After bottoming out below $45 last week, Transocean LTD (RIG, NYSE) shares have come racing back. The stock spiked from $47.22 to $50.68 on Monday. It then climbed to $53.56 on Wednesday, and bulled all the way to $57.93 today. That’s a powerful 23% advance in just four trading sessions. I added 35 shares of RIG to the “Beat the S&P” Portfolio on May 28th at $56.77 a share.
The latest round of buying comes after surprising news that three-fourths of the oil in the gulf has been burned, skimmed, dissolved or chemically dispersed. Some are skeptical of that optimistic assessment, but the preliminary indication is that much of the toxic crude is gone and the environmental fallout could have been much worse. Don’t tell anyone on the Gulf coast that they dodged a bullet. But for the first time since the tragic explosion of the Deepwater Horizon, the headlines are getting better rather than worse. In fact, BP is reportedly on the verge of plugging the leak permanently.
Within a few weeks, this story will quietly fade away as journalists move on to fresher topics—sad for those affected, but reality. For investors, though, the end of the PR nightmare will remove a major overhang. The market hates uncertainty, so many are breathing a sigh of relief that things finally appear to be under control.
Meanwhile, an upbeat Wall Street Journal story on August 4th suggesting that Transocean is contractually indemnified from lawsuits and damages appears to have triggered a relief rally. Those who read my initial profile in the June Market Advisor already knew this:
“Keep in mind that Transocean’s contract clearly puts the lessee, BP, on the hook for any cleanup and containment costs associated with a blowout. So while the parties involved will point fingers in congressional testimony, Transocean won’t likely face stiff penalties.”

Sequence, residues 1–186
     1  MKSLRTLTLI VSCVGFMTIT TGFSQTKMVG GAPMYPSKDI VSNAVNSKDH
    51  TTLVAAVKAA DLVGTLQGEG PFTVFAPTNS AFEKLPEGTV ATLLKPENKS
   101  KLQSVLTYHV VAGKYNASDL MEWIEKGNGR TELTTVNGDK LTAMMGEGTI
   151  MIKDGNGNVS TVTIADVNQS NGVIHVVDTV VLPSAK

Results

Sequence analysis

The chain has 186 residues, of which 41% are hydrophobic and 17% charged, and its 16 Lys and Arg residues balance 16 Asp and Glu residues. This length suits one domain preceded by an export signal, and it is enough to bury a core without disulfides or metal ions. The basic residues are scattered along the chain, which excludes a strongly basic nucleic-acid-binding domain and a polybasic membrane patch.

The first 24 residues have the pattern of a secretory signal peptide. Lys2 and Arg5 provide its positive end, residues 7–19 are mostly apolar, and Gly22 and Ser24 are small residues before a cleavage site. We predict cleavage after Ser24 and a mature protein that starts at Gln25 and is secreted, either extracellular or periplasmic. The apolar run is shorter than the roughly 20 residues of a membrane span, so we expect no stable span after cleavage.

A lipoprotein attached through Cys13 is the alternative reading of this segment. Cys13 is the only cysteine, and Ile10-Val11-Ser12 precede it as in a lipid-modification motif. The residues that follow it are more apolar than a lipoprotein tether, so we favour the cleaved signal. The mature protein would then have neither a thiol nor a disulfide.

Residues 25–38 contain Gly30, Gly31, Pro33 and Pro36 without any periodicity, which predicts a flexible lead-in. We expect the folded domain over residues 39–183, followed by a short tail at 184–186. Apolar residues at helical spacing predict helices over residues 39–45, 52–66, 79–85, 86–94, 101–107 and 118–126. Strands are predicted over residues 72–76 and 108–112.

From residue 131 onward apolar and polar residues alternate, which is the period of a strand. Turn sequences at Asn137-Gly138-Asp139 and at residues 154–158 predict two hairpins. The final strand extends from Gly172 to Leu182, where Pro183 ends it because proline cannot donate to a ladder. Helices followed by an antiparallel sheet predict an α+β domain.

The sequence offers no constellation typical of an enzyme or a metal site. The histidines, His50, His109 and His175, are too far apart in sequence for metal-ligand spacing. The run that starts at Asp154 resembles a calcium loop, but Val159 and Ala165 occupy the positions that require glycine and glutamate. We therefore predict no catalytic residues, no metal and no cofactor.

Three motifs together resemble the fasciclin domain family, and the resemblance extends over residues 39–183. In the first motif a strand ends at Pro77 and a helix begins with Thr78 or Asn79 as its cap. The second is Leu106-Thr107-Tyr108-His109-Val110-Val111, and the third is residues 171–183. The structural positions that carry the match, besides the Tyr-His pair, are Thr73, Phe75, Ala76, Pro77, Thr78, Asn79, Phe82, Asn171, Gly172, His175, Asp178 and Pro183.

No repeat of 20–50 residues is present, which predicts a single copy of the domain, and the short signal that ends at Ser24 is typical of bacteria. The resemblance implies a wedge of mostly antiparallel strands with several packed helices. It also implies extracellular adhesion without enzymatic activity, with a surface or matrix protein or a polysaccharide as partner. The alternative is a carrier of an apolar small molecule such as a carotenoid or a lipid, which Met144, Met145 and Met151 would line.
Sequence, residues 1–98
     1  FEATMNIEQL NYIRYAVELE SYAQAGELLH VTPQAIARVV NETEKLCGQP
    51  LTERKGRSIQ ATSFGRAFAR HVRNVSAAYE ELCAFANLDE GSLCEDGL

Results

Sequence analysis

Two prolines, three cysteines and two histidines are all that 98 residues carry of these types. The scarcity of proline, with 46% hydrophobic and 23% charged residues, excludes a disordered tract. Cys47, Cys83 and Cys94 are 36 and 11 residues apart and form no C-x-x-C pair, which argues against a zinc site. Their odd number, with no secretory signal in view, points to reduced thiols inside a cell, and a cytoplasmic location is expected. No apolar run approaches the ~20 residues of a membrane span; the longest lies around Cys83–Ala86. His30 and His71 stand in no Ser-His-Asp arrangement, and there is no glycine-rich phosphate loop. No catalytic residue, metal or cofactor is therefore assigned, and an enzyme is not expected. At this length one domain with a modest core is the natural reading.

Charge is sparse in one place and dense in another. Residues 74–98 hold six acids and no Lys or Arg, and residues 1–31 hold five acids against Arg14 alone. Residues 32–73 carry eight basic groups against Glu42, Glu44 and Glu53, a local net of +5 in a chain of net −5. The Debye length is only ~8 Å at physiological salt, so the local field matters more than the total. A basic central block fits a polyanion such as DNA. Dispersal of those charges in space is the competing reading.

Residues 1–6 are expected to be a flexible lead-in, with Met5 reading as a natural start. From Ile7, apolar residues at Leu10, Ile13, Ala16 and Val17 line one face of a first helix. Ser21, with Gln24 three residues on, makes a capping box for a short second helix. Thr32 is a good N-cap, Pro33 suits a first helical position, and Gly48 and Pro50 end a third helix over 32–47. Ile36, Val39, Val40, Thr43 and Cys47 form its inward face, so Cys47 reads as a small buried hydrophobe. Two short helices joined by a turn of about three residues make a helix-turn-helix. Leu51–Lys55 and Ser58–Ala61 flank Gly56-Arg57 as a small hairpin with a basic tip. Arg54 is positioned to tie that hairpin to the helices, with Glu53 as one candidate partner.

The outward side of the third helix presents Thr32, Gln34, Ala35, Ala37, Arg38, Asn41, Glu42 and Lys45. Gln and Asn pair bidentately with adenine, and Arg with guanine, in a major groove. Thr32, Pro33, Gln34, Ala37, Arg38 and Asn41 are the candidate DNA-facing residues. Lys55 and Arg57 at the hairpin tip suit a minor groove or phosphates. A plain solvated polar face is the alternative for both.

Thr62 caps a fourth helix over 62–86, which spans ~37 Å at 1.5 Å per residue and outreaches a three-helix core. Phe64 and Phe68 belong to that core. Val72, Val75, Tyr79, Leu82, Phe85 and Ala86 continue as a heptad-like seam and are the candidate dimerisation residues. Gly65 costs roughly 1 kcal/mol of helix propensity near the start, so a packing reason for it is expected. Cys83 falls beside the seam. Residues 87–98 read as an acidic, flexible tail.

Hard to be much clearer than that. And now that Transocean has filed the extensive 400 page contract with the SEC, the message finally appears to be sinking in. That doesn’t mean the company is completely out of the woods, but it does seem to have the law on its side. It also has hefty insurance protection—collecting a $267 million insurance payment already from losses associated with the Deepwater Horizon explosion.
Second quarter results released on August 4th have also been warmly received by investors. Utilization rates were soft and the bottom line was muddied by one-time gains and charges. But revenues of $2.5 billion were on par with those from before the spill, and operating cash flows came in $100 million higher than in the first quarter.
And it doesn’t hurt that strengthening crude prices above $80 per barrel are supporting drilling activity and should help prop up day rates, the daily price an oil company pays to lease a drilling rig. For example, BP was leasing Deepwater Horizon from Transocean for $550,000 per day at the time of the explosion.
Action to Take
Even after this run-up, RIG is still incredibly attractive at this level. The world can’t function a day without oil, and its finest deepwater driller is trading at a P/E of of 6.4 compared to an industry average of 14.5. Barring another recession, I see the shares testing $90 within the next year, which is what investors were paying before this mess happened. … I also plan to add another 25 shares to our position at the opening bell on Monday, August 9th.
Nathan Slaughter, StreetAuthority Market Advisor